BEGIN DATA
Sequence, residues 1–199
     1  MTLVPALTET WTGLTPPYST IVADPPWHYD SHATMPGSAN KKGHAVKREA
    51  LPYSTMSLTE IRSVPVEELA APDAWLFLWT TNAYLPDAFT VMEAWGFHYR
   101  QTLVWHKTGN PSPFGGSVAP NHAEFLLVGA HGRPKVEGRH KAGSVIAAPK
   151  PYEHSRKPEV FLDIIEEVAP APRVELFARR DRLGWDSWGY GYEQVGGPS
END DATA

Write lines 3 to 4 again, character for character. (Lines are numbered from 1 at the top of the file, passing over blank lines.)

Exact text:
    51  LPYSTMSLTE IRSVPVEELA APDAWLFLWT TNAYLPDAFT VMEAWGFHYR
   101  QTLVWHKTGN PSPFGGSVAP NHAEFLLVGA HGRPKVEGRH KAGSVIAAPK